For business leaders, back to school season is an ideal time to consider partnering with a local school, whether you're talking about an elementary school, a nearby college, or a level in between. First of all, it's easier for school administrators to consider partnership initiatives at the beginning of the academic year.
Businesses that support schools give their employees a perfect outlet for volunteer work. Providing internships to local college or university students can create a valuable supply of future workers. Corporate social responsibility is crucial in positioning your company with customers and against competition. Whether that's grassroots or being an event sponsor.
Winning over customers is never a bad thing, but schools and colleges are frequently able to give back to businesses in other ways as well. Accessing research and talent while further connecting with the community is as close to a win-win as you will find.
Here are a few ideas you can execute right now to get started.
1. Donate to drive school development or provide supplies.
Allocate a portion of your company's charitable giving to local schools. Keeping your donations local allows you to see the impact you'll make firsthand. In addition, school communities will frequently make it a point to support businesses that help them operate.
In North Canton, Ohio, for instance, the Hoover Vacuum Company donates thousands of dollars to North Canton Hoover High School each year, and it recently helped the school create a TV studio. You may not be able to afford that but even small donations make a big difference. Extra office supplies that are cluttering up your supply room will help teachers in need who often have to pay for supplies out of pocket.
That's a small gesture with a very big and real impact.
2. Showcase student projects and lend your expertise.
There are numerous ways to work directly with students through your partnership. If you run a local cafe or restaurant, you could decorate your business's walls with student photography or art. Students will benefit from a valuable learning opportunity, and their parents and friends will love seeing someone they know featured.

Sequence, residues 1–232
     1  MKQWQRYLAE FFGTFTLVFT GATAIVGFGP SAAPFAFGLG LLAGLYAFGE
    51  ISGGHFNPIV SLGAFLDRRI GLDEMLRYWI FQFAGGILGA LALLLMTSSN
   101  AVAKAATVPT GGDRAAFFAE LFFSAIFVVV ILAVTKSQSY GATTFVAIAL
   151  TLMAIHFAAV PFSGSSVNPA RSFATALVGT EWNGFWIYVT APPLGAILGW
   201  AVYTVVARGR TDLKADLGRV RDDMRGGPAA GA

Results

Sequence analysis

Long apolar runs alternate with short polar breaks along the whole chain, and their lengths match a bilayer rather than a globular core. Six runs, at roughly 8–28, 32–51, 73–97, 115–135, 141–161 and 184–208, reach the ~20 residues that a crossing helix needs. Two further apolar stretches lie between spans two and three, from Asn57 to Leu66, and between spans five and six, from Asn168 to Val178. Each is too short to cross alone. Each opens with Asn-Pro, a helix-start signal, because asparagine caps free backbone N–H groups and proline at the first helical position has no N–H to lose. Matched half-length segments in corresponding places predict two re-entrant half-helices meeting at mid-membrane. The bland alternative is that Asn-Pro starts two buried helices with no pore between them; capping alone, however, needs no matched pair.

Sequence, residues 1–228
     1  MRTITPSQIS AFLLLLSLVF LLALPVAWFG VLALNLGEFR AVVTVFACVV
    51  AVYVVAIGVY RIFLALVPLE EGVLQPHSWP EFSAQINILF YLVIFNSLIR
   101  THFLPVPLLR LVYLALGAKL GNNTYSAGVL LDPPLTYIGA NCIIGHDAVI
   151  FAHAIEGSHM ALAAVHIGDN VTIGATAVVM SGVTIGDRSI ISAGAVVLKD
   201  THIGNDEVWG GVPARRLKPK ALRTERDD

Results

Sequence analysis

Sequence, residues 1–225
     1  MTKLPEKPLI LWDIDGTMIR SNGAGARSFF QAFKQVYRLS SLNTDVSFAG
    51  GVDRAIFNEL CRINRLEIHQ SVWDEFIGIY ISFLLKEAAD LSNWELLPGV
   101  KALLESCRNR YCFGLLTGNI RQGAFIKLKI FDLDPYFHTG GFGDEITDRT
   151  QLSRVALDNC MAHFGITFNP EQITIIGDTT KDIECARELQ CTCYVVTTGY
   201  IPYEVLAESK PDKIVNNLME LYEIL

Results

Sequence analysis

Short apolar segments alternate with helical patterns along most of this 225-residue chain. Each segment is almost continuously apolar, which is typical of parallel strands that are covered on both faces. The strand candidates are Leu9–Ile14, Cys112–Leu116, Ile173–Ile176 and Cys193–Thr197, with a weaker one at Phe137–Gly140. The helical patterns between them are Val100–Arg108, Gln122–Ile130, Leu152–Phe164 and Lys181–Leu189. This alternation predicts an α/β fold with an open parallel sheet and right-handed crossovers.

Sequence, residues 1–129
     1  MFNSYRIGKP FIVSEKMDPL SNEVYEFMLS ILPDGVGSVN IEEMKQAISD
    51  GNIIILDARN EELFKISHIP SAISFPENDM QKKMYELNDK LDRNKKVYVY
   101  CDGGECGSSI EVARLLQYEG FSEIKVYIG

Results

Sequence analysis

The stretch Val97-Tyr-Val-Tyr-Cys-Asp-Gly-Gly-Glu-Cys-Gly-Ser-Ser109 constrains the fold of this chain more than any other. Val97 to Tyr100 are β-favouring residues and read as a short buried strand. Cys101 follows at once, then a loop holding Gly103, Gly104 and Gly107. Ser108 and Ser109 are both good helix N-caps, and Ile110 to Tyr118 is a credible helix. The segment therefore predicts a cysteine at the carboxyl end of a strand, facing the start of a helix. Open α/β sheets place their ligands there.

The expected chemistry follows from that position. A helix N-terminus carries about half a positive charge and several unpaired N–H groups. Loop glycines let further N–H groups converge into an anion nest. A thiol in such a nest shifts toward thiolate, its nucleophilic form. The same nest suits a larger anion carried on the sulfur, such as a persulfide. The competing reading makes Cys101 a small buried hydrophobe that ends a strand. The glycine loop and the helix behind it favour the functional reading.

Business owners and their employees can also make a big impression on students by lending their expertise. A local weather forecasting company might help students put together an innovative science experiment, or a small video production firm could help students learn how to shoot and edit video or even provide guest speakers for a college-level course on the subject.
The key is that these relationships can start small and grow.
3. Ignite the passion of interns.
Internships are a great option for your partnership because they're excellent vehicles for achieving mutual benefit. Interns get the flexibility to make common mistakes without all the pressure that comes with a real-life job. They also make students more attractive candidates when it comes time to apply for those jobs, because companies prefer individuals with experience gained from working at an internship.
And that's obvious. Because I'll always want to hire the person with tangible experience doing something versus the person that tells me they can do it.
Offering an internship through a local school or university establishes a direct hiring pipeline, and companies frequently hire former interns because they have a leg up on the competition. This can cut down on your talent and retention expenses. And as people, more and more, move from company to company, the expense of training and onboarding talent is a real consideration.
4. Pursue redevelopment projects.
As they say, two heads are better than one. So find a nearby school or college and consider what you can do together to improve your community.
In St. Louis, BJC Health Care partnered with Washington University School of Medicine to enhance the neighborhoods surrounding the hospital system's and medical school's campuses. Through the Washington University Medical Center Redevelopment Corporation, both entities have worked to improve security, establish housing options, and contribute to the economic revitalization of two nearby neighborhoods.
Businesses and schools have a lot to offer one another. Whether companies choose to recruit interns from a local college, contribute to community revitalization initiatives, or just want to donate some much-needed school supplies, these relationships help strengthen the ties between communities and the businesses that serve them. And remember, a partnership doesn't have to begin with a vast amount of resources. The beginning of the school year is the perfect time to start this conversation.